1. The forequarter is to be removed from
the carcase between the 6th and 7th ribs.
2. Sheet bone the ribs leaving the neck fillet
attached to the bone.
3. Remove the breast tip,and knuckle by
4. ...through the humerus as illustrated to
5. Remove large fat pocket.
6. Trim off any remaining excess fat.Score
the outside of the shoulder.
7. Cut and saw the blade bone section into 2
and the humerus section also into 2 equal
Mini-roast (Thick Flank)
1. Position of the leg and chump on the
2. Remove the knuckle by cutting through
the joint between the femur and tibia/
3. Carefully remove the tail and aitch bones.
4. Start cutting along the seam between the
topside and the remainder of the leg.
5. Remove the topsidemuscle by cutting
along the seam between it and the
remainder of the leg.
6. Remove the femur and patella taking care
not to cut into the underlyingmuscles.
7. Remove fat deposits.
8. Remove the rumpmuscles by a straight
cut parallel to the anterior cut surface.
Costing Made Easy
To help abattoirs work out carcase and primal costs and butchers for products and cuts a range of costing tools are available on–line
There are carcase costings for both beef and lamb along with detailed yield information for all carcase sections.These also show the
yield comparisons using both traditional and seam-cutting methods. Butchers can also work out selling price of primal cuts, such as
steaks and joints, added value products (primals and cuts prepared into marinated/crumbed steaks, joints and other products) and
processed products including burgers.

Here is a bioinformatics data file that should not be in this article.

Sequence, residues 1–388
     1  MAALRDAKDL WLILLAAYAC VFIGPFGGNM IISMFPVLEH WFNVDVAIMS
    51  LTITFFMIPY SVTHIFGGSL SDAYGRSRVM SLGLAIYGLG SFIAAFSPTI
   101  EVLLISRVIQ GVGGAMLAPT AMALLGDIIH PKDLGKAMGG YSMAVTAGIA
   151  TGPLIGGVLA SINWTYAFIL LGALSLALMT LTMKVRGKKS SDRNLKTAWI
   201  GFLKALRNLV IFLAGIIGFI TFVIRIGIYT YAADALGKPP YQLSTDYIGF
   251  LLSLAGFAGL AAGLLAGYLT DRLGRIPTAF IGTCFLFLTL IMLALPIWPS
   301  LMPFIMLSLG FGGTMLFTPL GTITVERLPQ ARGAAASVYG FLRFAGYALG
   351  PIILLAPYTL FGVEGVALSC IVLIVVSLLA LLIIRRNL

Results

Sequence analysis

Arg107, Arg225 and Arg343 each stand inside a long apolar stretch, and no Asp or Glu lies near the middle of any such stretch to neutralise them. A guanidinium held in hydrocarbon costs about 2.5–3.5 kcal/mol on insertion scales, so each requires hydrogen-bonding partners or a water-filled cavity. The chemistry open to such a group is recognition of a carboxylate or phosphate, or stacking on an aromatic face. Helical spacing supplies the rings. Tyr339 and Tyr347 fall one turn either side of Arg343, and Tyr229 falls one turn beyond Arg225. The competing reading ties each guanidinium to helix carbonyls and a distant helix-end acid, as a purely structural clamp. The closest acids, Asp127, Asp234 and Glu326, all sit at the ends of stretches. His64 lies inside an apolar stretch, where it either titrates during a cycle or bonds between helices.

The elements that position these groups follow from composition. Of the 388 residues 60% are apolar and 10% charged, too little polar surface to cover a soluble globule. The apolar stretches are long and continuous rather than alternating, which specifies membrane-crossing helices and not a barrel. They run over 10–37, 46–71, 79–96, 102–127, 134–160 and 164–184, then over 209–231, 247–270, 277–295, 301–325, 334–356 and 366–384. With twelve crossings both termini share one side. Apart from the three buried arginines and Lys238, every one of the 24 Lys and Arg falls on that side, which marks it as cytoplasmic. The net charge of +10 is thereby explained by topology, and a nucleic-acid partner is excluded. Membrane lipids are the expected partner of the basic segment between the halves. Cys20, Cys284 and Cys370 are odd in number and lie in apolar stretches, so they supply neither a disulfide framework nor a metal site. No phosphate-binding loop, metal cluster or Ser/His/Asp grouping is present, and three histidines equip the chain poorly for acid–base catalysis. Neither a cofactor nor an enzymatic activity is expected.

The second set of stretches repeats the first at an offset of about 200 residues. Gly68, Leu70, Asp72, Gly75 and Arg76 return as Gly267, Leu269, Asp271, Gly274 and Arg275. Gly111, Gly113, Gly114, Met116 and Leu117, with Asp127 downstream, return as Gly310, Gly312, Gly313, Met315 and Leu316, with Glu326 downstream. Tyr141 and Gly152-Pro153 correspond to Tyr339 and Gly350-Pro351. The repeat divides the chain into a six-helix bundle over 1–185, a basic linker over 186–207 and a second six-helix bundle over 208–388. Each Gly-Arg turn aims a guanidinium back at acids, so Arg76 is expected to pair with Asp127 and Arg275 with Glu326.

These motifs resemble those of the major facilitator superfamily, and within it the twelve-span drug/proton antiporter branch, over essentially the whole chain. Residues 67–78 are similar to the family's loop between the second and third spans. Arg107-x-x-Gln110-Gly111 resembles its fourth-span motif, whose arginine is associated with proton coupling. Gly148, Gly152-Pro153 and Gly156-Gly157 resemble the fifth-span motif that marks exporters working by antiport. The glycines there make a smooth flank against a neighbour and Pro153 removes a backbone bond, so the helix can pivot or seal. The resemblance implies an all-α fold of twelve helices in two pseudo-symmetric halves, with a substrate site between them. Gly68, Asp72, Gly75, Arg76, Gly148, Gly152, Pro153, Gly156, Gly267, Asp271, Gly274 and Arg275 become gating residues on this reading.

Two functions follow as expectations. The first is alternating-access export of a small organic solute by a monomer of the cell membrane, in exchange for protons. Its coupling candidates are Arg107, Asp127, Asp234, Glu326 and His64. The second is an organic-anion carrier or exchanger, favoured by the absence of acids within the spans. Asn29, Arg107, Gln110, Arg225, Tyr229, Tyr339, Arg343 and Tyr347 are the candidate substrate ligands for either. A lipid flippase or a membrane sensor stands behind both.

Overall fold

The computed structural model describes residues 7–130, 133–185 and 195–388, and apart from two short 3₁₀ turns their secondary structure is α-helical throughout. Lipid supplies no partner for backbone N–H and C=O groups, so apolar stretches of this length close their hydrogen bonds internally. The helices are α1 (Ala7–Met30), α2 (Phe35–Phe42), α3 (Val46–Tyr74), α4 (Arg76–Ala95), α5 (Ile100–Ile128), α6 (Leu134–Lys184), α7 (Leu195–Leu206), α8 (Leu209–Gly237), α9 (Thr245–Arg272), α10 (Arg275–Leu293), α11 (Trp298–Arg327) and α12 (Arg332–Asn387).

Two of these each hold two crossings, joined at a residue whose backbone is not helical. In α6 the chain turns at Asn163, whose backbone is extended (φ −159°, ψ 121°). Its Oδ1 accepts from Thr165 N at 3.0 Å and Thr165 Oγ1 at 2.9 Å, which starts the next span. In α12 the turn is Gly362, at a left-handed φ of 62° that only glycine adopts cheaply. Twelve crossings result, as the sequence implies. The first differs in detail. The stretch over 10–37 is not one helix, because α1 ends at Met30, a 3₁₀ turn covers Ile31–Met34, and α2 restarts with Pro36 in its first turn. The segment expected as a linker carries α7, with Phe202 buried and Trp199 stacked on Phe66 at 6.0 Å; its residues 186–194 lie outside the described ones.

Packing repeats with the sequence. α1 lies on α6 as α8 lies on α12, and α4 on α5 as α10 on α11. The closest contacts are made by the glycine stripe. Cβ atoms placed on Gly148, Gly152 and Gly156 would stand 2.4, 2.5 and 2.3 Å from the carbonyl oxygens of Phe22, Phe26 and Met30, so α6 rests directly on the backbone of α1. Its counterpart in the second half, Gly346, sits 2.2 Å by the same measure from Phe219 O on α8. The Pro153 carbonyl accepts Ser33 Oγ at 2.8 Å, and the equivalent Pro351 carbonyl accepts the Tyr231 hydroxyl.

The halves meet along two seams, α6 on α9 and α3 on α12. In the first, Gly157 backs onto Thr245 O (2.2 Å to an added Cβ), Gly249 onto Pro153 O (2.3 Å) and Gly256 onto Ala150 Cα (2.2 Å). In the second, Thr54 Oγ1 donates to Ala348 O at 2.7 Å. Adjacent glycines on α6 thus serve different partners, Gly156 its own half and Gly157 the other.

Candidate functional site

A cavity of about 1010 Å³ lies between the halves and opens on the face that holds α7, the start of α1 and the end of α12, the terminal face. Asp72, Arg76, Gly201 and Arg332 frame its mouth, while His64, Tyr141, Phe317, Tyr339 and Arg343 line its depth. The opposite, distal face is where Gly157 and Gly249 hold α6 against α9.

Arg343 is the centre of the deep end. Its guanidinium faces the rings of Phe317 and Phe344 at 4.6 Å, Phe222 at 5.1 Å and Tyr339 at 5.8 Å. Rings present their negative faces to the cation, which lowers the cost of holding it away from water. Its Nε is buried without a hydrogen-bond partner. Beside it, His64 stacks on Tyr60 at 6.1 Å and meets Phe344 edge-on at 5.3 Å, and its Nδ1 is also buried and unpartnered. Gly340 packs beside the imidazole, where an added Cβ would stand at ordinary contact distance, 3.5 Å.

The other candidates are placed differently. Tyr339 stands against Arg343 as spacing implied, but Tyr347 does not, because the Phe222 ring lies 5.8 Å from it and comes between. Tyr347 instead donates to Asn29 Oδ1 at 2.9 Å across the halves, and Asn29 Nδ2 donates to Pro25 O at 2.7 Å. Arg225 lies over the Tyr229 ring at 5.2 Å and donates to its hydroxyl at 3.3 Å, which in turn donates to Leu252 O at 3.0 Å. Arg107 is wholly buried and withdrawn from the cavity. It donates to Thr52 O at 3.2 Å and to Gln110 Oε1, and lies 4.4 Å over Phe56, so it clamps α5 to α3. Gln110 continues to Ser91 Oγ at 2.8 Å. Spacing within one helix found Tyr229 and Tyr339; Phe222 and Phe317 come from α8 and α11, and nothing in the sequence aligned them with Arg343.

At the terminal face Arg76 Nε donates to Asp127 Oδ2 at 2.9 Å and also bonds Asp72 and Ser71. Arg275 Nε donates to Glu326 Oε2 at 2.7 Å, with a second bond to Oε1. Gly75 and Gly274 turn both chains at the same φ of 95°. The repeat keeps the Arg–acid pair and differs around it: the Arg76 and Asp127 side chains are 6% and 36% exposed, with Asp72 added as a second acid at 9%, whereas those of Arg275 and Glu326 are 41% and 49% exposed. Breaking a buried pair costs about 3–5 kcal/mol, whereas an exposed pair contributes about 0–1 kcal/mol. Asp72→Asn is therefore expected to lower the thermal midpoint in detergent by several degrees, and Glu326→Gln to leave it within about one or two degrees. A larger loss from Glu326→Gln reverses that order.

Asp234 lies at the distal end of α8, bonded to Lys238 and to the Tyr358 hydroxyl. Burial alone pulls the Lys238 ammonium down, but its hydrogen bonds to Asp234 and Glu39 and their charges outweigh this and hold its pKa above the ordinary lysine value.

The price calculators are easy to use and can quickly help you to work out the selling price of your product to return your required
gross profit margin.
Lamb Cutting Specifications
A range of step by step cutting specifications for over 150 lamb cuts are available
to view or download:www.qsmbeefandlamb.co.uk/lamb-cutting-guides
Farm to Fork Video
To hear more about high quality lamb, from the farm to the fork for Muslim
Good and accurate labelling is not only a legal requirement but an excellent way to market your products.There are many laws
and regulations governing the labelling of food and ignorance is no defence should you fall foul of them, many offences can result in
punitive fines or even imprisonment.
Your local authority trading standards office will guide you on any areas you do not understand. In particular there are separate and
additional requirements relating to beef labelling which you must follow. Clear, unambiguous labelling promotes the sale of product as
does unit pricing showing the cost of the portion in question as well as the price per Kilo. Cooking and serving suggestions can also
help prompt purchase.
Labelling is one area where a business can be creative providing the basic rules are followed. Poor labelling can lose you custom.